The Antioxidant Benefits of Herbs
Herbs have been used since ancient times for their medical properties. Now, both fresh and dry herbs are commonly incorporated into food to enhance flavor. These include parsley, basil, mint, rosemary and more. Herbs not only add enticing aroma and fresh flavour to food, they also bring many health benefits. In this Skin Food series, we will delve into the various health and skin benefits herbs can provide.
History of herbs
Herbs are essentially fresh and dried leaves generally of temperate plants, and are usually green in colour. Since ancient times, herbs have been well-known for their preservative and medicinal properties. Their value as a food ingredient was gradually discovered over the years. Before modern medicine, the ancient Greeks used herbs such as thyme and coriander for their healing properties – many of which are still used today as holistic remedies for fevers, aches and pains. Current research increasingly shows that many herbs possess properties that can aid in mitigating symptoms of severe diseases. In fact, their true benefits lies in their protective polyphenols, which are plant compounds with potent antioxidant abilities.
What are antioxidants?
Antioxidants are essential molecules that help fight free radicals in the body which can be found in the food we eat. Antioxidants from herbs are a group of bioactive compounds consisting of flavonoids, phenolic or sulfur-containing compounds, and vitamins.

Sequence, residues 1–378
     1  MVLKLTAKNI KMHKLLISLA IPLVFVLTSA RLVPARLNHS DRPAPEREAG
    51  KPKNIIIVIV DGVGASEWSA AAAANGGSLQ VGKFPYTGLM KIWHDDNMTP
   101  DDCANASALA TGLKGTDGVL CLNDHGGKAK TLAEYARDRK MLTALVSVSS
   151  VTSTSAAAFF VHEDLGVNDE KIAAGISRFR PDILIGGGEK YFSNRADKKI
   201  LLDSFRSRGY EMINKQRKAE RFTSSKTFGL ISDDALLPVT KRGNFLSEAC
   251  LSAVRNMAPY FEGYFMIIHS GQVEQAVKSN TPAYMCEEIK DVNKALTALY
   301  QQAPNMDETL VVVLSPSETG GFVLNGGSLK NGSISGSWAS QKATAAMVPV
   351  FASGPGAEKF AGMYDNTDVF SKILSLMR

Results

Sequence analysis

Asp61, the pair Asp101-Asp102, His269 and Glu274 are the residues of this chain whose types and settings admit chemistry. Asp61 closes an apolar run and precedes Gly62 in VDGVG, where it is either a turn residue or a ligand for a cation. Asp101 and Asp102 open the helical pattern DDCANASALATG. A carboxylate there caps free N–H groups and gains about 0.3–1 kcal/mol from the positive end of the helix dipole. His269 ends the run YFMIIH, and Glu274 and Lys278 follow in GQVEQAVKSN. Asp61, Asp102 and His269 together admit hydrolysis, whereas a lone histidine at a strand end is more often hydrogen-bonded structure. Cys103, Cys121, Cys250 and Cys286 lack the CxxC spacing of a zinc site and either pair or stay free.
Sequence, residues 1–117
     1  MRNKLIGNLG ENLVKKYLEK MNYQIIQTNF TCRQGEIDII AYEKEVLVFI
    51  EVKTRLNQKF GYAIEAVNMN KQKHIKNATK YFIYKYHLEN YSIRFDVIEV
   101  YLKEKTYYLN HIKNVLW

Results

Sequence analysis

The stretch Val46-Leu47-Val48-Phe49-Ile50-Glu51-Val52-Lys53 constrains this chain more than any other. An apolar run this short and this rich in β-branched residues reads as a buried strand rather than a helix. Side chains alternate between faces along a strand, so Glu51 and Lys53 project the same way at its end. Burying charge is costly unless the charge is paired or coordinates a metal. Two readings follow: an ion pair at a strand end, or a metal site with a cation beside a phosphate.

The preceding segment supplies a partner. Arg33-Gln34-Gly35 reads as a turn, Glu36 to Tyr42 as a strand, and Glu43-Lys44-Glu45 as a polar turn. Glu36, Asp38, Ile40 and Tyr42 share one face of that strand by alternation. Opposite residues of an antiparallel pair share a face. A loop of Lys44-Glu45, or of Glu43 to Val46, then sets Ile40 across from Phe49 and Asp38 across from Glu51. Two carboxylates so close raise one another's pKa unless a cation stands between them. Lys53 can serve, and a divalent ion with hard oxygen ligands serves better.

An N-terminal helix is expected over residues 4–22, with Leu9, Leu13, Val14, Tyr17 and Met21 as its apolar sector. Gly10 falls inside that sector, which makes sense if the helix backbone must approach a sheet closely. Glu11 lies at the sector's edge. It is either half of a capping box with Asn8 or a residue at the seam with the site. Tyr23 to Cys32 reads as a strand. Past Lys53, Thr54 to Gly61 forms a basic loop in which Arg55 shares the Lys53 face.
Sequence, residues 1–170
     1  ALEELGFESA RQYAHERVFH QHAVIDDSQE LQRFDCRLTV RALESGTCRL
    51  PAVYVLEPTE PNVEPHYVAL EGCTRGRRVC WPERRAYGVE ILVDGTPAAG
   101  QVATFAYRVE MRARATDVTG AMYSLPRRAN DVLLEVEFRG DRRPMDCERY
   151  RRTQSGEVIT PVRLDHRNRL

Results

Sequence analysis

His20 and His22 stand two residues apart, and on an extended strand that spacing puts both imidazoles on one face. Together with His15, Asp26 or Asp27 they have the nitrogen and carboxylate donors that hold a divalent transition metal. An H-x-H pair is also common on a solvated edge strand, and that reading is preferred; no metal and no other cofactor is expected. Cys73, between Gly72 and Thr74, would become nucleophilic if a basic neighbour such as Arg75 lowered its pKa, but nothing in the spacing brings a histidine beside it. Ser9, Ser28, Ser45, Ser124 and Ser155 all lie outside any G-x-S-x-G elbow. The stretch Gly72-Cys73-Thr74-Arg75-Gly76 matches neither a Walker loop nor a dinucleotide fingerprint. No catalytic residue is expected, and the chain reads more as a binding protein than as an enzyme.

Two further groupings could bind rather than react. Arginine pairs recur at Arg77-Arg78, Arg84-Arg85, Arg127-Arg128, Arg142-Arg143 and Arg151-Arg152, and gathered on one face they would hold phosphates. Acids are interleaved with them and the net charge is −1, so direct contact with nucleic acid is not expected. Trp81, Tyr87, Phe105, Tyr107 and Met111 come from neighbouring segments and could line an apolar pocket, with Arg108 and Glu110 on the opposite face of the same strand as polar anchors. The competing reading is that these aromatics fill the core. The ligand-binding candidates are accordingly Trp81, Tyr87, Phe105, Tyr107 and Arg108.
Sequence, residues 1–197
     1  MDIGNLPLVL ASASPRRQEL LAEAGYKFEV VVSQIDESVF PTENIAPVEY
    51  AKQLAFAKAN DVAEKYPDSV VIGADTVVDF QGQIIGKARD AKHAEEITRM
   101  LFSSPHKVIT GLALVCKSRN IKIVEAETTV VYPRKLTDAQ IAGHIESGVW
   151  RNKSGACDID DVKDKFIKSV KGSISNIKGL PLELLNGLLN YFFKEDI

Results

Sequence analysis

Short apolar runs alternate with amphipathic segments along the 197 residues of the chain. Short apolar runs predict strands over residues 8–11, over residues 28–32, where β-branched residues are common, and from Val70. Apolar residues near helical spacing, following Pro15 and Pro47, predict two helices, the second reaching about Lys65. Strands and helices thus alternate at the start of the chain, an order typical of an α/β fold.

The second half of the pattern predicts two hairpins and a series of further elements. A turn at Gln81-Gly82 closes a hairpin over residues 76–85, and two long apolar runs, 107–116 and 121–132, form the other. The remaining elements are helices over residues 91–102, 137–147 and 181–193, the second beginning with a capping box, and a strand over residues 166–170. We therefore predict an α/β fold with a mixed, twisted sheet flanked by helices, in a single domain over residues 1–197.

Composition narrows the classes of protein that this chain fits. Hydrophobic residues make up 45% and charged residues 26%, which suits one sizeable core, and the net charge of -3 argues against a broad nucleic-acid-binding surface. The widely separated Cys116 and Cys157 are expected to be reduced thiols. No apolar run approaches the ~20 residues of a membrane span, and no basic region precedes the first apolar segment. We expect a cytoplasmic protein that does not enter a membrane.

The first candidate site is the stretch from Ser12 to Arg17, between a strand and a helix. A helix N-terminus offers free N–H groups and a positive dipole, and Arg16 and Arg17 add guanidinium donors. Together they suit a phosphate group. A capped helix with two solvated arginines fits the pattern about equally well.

Antioxidant benefits of herbs
There are several antioxidant benefits of herbs. Herbs and spices are widely considered to be functional foods. Functional foods generally refer as foods that provide benefits beyond basic nutrition.
Flavonoids in herbs
Flavonoids are the main phenolics in herbs that possess antioxidant activity. They have the ability to scavenge free radicals and form complexes with catalytic metal ions, hence rendering them inactive. You can commonly find flavonoids in aromatic herbs such as rosemary, parsley, and thyme. Furthermore, flavonoids can also inhibit the enzymes responsible for the cause of oxidative rancidity (e.g when meat goes bad) in foods – lipoxygenase and cyclooxygenase.
Lower risk of chronic diseases
Oxidative stress refers to an imbalance between the production of reactive oxygen species (ROS). These are highly reactive compounds which oxygen produces, and the defense systems which can readily detoxify them. Oxidative damage and free radicals are related to severe diseases such as Alzheimer’s, cancer and diabetes. Antioxidants such as polyphenols can help to prevent or delay the process of some of these diseases by inhibiting oxidative stress-mediated toxicity. Furthermore, polyphenols are anti-microbial as well, hence they can serve as protective agents from harmful bacteria.
Anti-aging and photoprotective properties